With remote work seemingly here to stay, vacation days have entered a nebulous zone and become ever harder to track, while traveling has dropped into the most ambiguous space of all. Does remote work mean a mandate to stay in town, in the state—or can it include hauling your laptop to the Piazza Navona? How remote can remote work be? Enter blended travel, aka “workations.” Crowne Plaza Hotels & Resorts, part of IHG Hotels & Resorts, commissioned a survey to measure the appeal of very remote work, polling more than 1,200 people. The result was eye-opening: 65% of millennials (25 to 44 years old) and 59% of Generation Z (18 to 24 years old) respondents were more likely to sign up with a company that offers “frequent travel or flexible (work + leisure) blended travel possibilities as a perk,” according to the analysis. Other findings: • 31% believe that combining work travel and leisure would allow them to progress further in their careers. • 35% believe that it would be beneficial to them, and allow them greater flexibility, to combine work with a leisure trip abroad. • 39% said that it would increase their happiness levels. • 80% of business executives worry that, unless they increase business travel, their professional and personal lives would suffer.   Every single one of my clients is struggling with talent acquisition,” says Palm Beach-based Rita Barreto, a veteran human resources pro who consults about workplace issues as president of Top Tier Leadership. “With 11 million openings in the United States, companies are looking for ways to attract and retain talent. The notion of work-life balance has proven to be nothing more than a term. At best, a small percentage of employees made it a reality due to the culture of the organization.” Barreto says that to be a talent magnet today, you have to offer life-work integration: “It’s recognizing and appreciating the 24-7 life of an employee and the need for time to reboot and enjoy a full life. It requires flexibility, trust and accountability.” Josh Leibowitz, the Miami-based president of Seabourn Cruise Line, has come around to the benefits of blended travel time. It wasn’t always so. A few years ago, he gave a TEDx talk in which he advocated a strict separation of vacation time and work time, precisely measured week to week. “I spoke of the importance of vacation time to relax, recharge and have ongoing energy to engage,” he says. “My thinking on this has changed. I still believe there are times when we should go into as much of a non-work time-period as possible; however, I also recognize that for many of us, disengaging for more than a few days at a time is not only not feasible, but it can also increase the stress load of reengaging on return. So, my new philosophy is to find pockets of blackout on holiday. That may mean a few hours where you put phones down or maybe a few days,” but he says that it’s time to accept permeability between leisure and work when we travel.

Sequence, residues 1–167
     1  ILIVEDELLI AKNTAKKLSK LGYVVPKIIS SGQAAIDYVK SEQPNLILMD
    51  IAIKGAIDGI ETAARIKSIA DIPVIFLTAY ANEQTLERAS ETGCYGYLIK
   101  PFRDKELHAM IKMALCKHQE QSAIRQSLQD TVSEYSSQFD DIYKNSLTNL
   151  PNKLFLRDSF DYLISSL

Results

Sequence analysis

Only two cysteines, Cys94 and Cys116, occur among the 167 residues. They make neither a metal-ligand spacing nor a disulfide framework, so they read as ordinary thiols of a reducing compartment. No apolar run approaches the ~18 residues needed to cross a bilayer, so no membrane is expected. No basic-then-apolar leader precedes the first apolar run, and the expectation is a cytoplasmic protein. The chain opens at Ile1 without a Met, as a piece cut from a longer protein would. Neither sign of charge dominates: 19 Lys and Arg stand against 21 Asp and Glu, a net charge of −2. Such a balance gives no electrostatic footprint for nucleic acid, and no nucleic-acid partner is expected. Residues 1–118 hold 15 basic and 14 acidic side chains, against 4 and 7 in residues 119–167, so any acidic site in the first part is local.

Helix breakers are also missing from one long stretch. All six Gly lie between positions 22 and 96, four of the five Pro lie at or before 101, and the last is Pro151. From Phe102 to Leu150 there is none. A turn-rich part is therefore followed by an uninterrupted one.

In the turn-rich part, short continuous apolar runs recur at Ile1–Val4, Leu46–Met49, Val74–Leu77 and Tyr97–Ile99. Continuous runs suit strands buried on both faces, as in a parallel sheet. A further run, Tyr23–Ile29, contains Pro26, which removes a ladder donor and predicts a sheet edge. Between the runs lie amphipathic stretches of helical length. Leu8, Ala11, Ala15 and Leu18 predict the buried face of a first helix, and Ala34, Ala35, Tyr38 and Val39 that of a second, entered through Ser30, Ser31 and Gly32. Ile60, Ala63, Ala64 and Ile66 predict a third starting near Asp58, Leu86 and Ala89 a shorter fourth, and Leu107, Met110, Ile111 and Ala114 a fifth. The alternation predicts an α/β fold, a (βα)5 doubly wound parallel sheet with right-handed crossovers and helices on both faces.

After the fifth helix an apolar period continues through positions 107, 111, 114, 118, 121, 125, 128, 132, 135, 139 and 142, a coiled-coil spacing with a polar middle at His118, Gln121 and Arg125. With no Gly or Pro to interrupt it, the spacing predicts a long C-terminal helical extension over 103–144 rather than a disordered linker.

“Dr. Abhinav Gautam was one of the first people I met when I moved to Miami,” Christian Seale recalls. In 2015, the two were introduced by Dr. Narendra Kini, a board-certified pediatrician and the former CEO of Miami Children's Hospital—now Nicklaus Children’s Hospital. (Kini and Seale have partnered on a variety of health care investments, and in 2016, they brought MIT's Hacking Medicine to Miami—a two-day hackathon—to demonstrate their shared belief in Miami as an emerging hub of health care innovation.) Once connected by Kini, Gautam and Seale quickly bonded over being born on the same day—a good omen. “I invested in Dr. Gautam’s last software business, which we sold last year,” Seale says, “and then one day he told me about this treatment he had developed to repair tissue from the inside out.” Their conversation was more than theoretical for the athletic Seale. “I had recently sprained my wrist bracing myself as I fell off a trampoline,” he recalls, “so I went to see a doctor and they immobilized my wrist. I was extremely frustrated because I'm an active guy and I couldn’t even do a pushup. Dr. Gautam asked me why I had a wrist brace on, so I told him what had happened. He told me he could fix it. I have to admit I was nervous—I didn’t know what was going to happen, yet I felt after three months in a wrist brace, I didn’t have much to lose. Long story short, he fixed my wrist and four days later I could do pushups. That’s when we both had this ‘aha’ moment that led to our Relief treatment.” In a nutshell, the purpose of the Relief modality, according to Gautam, is “to restore your damaged and scarred tissues to their normal (pre-injury) state, to free entrapped nerves from the surrounding fascia and get you back to your favorite activities without downtime, invasive surgery or steroids.” For those seeking a minimally invasive, holistic approach (who isn’t?) and want to avoid the sometimes debilitating effects of steroids and get back to the gym, the track or the tennis court, the appeal of Relief is obvious.